The estimator has been studied in Kaplan and Meier (1958), Efron (1967), Breslow and Crowley (1974), and Meier (1975). Michael and Schucany (1986) suggested the modified Kaplan-Meier estimator pi,cMS,

pi,cMS=1-n-c+1n-2c+1ji(n-j-c+1n-j-c+2)δ(j),0c1,i=1,,n,

that reduces to pi,c = (ic)/(n – 2c + 1) for a complete sample. However pi,cMS in (2.17) could have a negative value if the smallest data value is censored. Therefore we modify pi,cMS again as

pi,c=1-ji(n-j-c+1n-j-c+2)δ(j)(n-c+1n-2c+1)δ(1)(n-cn-2c+1)1-δ(1),0c1,i=1,,n.

The last term in pi,c is to avoid 0 value. Note that we assumed the data x(1), . . . , x(n) are ordered observations and δ(1) corresponds to the indicator of the minimum. The particular choice of c is of little consequence, and popular values for c is c = 0 or c = 0.5. We often use the Blom (1958)’s position c = 3/8 = 0.375 for a normal distribution, because it approximates the expected value of the order statistics from the standard normal distribution.

Now we have defined ai, bi, ξi0, pi,c in (2.15), (2.16), (2.14), (2.18), respectively, and the approximate MLEs μ̃, σ̃ of μ, σ in (2.8), (2.13) have been completely defined.

3. Asymptotic variances and covariance

In this section, the observed Fisher information is computed to give the asymptotic variances and covariance of the MLEs μ̂, σ̂ or the approximate MLEs μ̃, σ̃ . From the likelihood equation (2.2), and

φ(ξi)μ=ξiσφ(ξi),         Φ¯(ξi)μ=1σφ(ξi),         Q(ξi)μ=1σ(ξiQ(ξi)-(Q(ξi))2)1σJ(ξi),

we obtain

-2lμ2=1σ2v11         with v11=nu-j=1n(1-δ(j))J(ξj),-2lσtialμ=1σ2v12         with v12=2j=1nδ(j)ξj+j=1n(1-δ(j))Q(ξj)-j=1n(1-δ(j))ξjJ(ξj).

From (2.3) and

φ(ξi)σ=ξi2σφ(ξi),         Φ¯(ξi)σ=ξiσφ(ξi),         Q(ξi)σ=1σξiJ(ξi),

we get

-2lσ2=1σ2v22with v22=-nu+3j=1nδ(j)ξj2+2j=1n(1-δ(j))ξjQ(ξj)-j=1n(1-δ(j))ξj2J(ξj).

From (3.1), (3.2), and (3.3), the observed Fisher information matrix becomes

I=1σ2[v11v12v12v22].

By inverting (3.4), we obtain the asymptotic variance-covariance matrix of the estimates μ̂ and σ̂ as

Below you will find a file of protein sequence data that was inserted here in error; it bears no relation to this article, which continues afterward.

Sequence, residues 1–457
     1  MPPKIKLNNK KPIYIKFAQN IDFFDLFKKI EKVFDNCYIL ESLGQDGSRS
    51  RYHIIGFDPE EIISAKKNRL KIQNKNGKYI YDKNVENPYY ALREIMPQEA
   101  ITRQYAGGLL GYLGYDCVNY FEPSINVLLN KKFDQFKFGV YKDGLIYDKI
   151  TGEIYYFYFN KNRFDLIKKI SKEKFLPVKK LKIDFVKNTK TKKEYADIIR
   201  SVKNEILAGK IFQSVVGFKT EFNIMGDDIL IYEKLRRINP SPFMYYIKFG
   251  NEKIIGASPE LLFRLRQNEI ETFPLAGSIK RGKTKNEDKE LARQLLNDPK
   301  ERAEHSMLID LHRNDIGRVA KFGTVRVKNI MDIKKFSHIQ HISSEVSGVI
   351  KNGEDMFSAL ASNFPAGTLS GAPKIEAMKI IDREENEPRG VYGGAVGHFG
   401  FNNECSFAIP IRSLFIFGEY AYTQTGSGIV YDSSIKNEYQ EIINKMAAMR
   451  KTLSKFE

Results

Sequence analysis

I-1=σ2[v11v12v12v22]-1[Var^(μ^)Cov^(μ^,σ^)Cov^(μ^,σ^)Var^(σ^)].

From the approximate likelihood equations (2.4) and (2.5), we get

-2lμ21σ2v˜11with v˜11=nu+j=1n(1-δ(j))bj,-2lσμ1σ2v˜12with v˜12=2j=1nδ(j)ξj+j=1n(1-δ(j))(aj+bjξj)+j=1n(1-δ(j))bjξj,-2lσ21σ2v˜22with v˜22=-nu+3j=1nδ(j)ξj2+2j=1n(1-δ(j))ξj(aj+bjξj)+j=1n(1-δ(j))bjξj2,

and the approximate observed Fisher information matrix Ĩ,

I˜=1σ2[v˜11v˜12v˜12v˜22],I˜-1=σ2[v˜11v˜12v˜12v˜22]-1[Var˜(μ˜)Cov˜(μ˜,σ˜)Cov˜(μ˜,σ˜)Var˜(σ˜)].
4. Simulation study and example

4.1. Simulation results

We compare the performance of the MLEs with the approximate MLEs through a simulation study. To control the ratio of the censored data, we use two different random censoring models. One is the Koziol and Green (1976) censorship model, that is

1-G=(1-F)β1         for some   β1>0,

where G is the distribution function of the censoring times C1, . . . ,Cn, and β1 is called a censoring parameter. Csörgő and Horváth (1981), Chen et al. (1982), and Kim (2014a) discussed the motivation and characterization of this model. According to Chen et al. (1982), the model could arise in a series system with two components. In this system, it can only work if both components are functioning. Let Ti be the life time of the first component with the distribution function F, and Ci be the second with G. Then Xi = min(Ti,Ci) should be the lifetime of the system. If the second component is also a series system of β1 independent and identically distributed subcomponents with F, then Ci should be the minimum of β1’s life times, and the distribution function G of Ci should be (4.1). Under the Koziol-Green model, the expected ratio of the censored data could be